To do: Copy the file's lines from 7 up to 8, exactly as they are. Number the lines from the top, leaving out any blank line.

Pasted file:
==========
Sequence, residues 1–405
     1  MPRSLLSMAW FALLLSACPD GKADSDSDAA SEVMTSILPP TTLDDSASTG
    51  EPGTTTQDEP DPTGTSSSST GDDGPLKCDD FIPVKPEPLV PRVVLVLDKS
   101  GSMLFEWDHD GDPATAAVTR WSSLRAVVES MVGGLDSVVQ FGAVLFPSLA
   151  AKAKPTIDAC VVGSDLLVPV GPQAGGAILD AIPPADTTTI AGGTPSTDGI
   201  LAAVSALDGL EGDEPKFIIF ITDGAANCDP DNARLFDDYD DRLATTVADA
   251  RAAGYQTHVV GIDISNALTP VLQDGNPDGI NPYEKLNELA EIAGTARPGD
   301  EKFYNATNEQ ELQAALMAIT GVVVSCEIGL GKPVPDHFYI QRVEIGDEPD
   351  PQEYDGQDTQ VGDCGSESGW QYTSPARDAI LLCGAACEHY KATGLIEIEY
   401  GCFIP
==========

   251  RAAGYQTHVV GIDISNALTP VLQDGNPDGI NPYEKLNELA EIAGTARPGD
   301  EKFYNATNEQ ELQAALMAIT GVVVSCEIGL GKPVPDHFYI QRVEIGDEPD